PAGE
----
A worry shared by many people is that by replacing conventional cigarettes with their electronic equivalents, users are simply swapping out one bunch of poisons for another. And looking at the ingredients list on a bottle of vape juice does very little to assuage their concerns: Propylene glycol, nicotine, a whole bunch of unpronounceable chemicals.
The truth is that only one of the ingredients in your vape juice is (as far as we know) actually a poison. Nicotine is a powerful neurotoxin, and there’s no getting away from that. It can and and absolutely will kill you under the wrong circumstances. Those circumstance would involve a close to 100% concentration, and probably drinking it neat as wel. But as any experienced vaper would tell you, the nausea and sickness you feel from inhaling too much will cause you to throw up before any permanent harm is done.
It’s in antifreeze. It’s a solvent. It’s used to make plastics. Surely propylene glycol, the main component of most e-juice blends, can’t be good for you?
No, but no-one’s suggesting that propylene glycol has any benefits for your health. It doesn’t have any negative impact either. The Food and Drug Administration states that propylene glycol “is generally considered to be a safe chemical,” “breaks down very quickly in the body,” and “is acceptable for use in flavorings, drugs, and cosmetics, and as a direct food additive.”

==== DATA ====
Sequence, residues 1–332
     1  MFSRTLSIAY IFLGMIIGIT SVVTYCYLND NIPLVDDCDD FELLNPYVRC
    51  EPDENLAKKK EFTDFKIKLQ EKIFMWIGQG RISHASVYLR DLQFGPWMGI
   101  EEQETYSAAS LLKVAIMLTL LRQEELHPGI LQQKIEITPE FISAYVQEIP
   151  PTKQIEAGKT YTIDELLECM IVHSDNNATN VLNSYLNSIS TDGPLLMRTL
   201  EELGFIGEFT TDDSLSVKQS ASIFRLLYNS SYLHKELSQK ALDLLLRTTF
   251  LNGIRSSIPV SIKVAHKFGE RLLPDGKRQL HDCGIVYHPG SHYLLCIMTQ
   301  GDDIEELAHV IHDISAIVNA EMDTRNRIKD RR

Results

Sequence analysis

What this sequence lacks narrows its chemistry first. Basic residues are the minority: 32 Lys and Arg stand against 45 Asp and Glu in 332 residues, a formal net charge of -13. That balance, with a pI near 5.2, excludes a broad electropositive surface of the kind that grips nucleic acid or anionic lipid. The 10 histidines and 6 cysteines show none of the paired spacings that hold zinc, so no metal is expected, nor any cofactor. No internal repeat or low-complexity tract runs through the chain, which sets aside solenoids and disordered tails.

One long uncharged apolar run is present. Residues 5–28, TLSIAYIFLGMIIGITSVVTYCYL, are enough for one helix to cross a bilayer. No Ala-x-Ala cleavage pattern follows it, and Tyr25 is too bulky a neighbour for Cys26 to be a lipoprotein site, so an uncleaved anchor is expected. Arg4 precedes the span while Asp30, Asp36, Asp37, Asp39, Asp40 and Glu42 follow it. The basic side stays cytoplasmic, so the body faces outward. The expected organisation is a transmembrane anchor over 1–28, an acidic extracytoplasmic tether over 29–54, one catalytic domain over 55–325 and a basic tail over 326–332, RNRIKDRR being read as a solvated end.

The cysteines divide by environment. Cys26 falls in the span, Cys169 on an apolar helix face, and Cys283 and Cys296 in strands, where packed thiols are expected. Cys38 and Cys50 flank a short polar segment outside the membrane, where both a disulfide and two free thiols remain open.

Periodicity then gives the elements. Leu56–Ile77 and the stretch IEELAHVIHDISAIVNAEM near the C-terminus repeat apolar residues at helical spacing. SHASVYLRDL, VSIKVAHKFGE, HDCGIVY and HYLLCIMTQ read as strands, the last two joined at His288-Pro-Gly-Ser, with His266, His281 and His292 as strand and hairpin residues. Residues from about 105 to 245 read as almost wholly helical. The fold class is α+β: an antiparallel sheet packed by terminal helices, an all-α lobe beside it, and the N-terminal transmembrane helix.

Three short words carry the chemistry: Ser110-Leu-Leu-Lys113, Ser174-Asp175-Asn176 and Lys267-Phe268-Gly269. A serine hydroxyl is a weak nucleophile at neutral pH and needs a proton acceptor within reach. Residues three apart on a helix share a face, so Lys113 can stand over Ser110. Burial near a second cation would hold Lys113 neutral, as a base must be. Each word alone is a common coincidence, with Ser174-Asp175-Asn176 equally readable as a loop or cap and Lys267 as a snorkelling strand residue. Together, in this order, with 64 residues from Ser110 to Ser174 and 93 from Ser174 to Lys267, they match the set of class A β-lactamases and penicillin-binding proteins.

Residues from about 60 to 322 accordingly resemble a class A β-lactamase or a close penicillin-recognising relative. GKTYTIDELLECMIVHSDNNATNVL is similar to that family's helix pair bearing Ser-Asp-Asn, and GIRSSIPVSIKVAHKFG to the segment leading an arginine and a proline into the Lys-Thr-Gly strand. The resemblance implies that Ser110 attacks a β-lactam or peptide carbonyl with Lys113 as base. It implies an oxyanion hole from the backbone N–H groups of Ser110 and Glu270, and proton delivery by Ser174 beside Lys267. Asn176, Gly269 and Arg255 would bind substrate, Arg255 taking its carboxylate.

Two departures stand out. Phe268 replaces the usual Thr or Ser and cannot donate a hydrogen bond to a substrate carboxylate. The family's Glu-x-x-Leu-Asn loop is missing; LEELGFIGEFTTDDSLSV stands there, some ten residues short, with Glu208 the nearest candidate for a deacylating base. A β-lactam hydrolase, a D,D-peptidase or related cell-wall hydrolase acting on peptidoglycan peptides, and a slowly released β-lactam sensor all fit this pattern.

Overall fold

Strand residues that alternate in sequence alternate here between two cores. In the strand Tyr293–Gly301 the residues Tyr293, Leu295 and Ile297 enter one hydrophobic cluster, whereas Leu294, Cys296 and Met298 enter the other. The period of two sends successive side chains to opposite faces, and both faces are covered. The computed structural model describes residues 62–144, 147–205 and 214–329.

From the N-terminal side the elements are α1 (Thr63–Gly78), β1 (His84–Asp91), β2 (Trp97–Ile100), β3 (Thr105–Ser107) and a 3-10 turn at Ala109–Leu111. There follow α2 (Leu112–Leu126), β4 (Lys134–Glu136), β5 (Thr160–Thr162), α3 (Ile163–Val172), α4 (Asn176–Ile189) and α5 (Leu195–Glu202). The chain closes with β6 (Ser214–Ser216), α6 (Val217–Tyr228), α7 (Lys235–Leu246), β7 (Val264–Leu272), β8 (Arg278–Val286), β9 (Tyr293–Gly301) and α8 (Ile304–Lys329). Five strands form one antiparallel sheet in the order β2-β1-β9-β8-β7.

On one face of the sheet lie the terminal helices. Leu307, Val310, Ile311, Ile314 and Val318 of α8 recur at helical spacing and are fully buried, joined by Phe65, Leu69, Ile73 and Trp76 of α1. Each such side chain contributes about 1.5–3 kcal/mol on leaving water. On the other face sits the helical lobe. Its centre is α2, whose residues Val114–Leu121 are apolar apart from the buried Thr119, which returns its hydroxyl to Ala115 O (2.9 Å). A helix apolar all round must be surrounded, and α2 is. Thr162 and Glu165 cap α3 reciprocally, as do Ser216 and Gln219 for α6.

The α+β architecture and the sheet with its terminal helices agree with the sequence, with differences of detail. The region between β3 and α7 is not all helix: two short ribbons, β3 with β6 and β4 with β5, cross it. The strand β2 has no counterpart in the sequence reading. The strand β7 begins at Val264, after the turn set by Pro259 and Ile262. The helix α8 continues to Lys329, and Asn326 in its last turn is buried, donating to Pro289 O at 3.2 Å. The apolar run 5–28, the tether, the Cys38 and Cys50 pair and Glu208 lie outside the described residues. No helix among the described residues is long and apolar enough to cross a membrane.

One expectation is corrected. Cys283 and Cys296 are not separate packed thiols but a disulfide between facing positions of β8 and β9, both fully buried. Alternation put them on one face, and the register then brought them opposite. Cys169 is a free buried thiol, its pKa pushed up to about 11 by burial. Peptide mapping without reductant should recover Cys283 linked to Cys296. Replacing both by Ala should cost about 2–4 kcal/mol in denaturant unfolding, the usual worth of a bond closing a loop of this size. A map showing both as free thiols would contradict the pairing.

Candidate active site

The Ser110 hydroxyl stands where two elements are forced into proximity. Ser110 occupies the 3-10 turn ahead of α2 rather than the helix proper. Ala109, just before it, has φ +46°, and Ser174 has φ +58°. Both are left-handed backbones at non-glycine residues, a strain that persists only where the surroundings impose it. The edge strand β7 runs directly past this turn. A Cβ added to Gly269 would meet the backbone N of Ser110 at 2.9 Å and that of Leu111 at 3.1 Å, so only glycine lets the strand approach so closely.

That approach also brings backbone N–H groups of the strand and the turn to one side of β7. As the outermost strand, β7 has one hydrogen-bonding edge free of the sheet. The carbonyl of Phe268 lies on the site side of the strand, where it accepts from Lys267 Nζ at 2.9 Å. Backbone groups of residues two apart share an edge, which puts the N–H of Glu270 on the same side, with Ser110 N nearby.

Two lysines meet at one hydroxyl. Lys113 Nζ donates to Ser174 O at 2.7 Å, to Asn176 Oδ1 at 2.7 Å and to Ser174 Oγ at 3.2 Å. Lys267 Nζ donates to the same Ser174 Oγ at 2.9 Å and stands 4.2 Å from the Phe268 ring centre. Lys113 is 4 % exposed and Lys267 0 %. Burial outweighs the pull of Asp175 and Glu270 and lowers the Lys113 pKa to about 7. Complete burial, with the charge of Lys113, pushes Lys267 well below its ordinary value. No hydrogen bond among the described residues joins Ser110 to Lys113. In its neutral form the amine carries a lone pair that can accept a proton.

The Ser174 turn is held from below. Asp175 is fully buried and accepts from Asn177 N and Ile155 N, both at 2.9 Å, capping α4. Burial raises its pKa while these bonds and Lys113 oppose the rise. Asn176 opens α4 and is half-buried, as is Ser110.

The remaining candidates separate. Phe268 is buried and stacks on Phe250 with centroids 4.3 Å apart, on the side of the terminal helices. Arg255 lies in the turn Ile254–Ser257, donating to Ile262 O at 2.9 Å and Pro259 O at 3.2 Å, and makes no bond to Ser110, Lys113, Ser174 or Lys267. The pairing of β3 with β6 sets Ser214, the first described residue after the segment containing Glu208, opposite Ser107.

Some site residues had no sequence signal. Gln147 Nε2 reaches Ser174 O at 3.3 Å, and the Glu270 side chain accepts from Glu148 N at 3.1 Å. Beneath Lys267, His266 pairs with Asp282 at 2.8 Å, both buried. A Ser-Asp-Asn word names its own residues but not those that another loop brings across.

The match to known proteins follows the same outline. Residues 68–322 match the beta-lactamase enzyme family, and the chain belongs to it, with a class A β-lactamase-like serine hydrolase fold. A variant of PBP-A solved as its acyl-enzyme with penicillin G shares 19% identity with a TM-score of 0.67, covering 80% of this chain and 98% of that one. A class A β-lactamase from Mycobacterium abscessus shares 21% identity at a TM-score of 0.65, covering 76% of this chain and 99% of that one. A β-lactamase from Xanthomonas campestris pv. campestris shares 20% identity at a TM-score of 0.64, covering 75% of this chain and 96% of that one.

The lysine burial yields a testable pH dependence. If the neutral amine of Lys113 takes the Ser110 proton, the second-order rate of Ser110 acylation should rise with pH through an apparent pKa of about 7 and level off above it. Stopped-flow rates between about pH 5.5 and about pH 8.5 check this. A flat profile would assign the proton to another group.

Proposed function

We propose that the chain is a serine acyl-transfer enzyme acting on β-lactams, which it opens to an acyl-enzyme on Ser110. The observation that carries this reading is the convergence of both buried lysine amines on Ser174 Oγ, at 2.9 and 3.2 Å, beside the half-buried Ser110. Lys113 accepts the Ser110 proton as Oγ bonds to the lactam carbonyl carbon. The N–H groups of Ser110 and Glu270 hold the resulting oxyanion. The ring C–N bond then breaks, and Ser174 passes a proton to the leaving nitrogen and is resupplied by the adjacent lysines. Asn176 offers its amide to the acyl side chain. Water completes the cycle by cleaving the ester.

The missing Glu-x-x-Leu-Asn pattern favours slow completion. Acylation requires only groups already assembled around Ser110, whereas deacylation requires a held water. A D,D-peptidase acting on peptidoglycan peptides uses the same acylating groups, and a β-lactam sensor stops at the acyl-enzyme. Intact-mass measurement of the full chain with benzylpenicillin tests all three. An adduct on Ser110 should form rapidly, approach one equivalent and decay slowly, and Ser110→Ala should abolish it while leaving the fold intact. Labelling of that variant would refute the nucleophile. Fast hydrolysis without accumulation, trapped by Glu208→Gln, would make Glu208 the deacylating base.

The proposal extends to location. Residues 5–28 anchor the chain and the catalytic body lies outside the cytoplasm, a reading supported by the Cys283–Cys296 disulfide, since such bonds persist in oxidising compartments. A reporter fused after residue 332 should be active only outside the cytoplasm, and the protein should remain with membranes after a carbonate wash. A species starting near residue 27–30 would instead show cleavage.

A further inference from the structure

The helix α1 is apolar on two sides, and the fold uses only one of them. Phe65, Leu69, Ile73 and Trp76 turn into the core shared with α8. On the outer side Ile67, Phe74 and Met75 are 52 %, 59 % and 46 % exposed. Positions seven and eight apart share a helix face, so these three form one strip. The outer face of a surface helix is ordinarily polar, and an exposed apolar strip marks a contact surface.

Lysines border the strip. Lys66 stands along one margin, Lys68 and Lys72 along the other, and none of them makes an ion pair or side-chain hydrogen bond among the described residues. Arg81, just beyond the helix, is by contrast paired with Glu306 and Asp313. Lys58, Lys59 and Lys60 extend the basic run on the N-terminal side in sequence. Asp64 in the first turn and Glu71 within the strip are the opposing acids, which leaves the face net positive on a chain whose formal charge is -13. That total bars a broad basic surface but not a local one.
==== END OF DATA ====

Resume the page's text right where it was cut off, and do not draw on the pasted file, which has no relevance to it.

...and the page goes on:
Propylene glycol is used in electronic cigarettes for the simple reason that it breaks down into water vapor when heated. Vapers are quite literally breathing in steam.
The other stuff
Anything else listed as an ingredient is likely to have an extremely long and complicated chemical name. These are usually food flavorings and colorings - The kind of thing you might put in a cake or a pastry.
Granted, unless you have an utterly insatiable appetite, you’re unlikely to be sucking these chemicals directly into your lungs, but professional chefs do. Right?
Potential health issues
One major problem with assessing the health risks associated with vaping is that it hasn’t been around long enough to make a proper assessment. The negative health impacts of smoking have been well documented precisely because it has been so prevalent for so long. Vaping isn’t at that point yet.
Nonetheless, there have been a couple of significant scares, which have made users and potential users have second thoughts.
It’s a phrase almost custom built to fill you with dread. Lungs aren’t supposed to look, function, or in any other way resemble America’s favorite theatre snack.
Also known as bronchiolitis obliterans, ‘Popcorn Lung’ causes obstruction, inflammation and scarring of lung tissue, and reduces the usable lung volume by up to 90%. It’s not nice. The disease is, while not common, most prevalent among workers in the nylon industry, battery manufacturers and food industry workers who work with the diacetyl chemical - responsible for the butterscotch flavour of popcorn.
Delicious, but not what you want sitting in your chest | credit: Veggiefrog CC BY-NC-ND 2.0
And it’s because of this butterscotch flavor that diacetyl has an association with vaping. Butterscotch is delicious and sweet. The flavouring is cheap and easy to make. And there is a definite link between diacetyl flavoring and popcorn lung. It’s easy to point an accusatory finger at electronic cigarettes.
But there has not been one single case of vaping related popcorn lung ever reported. Ever.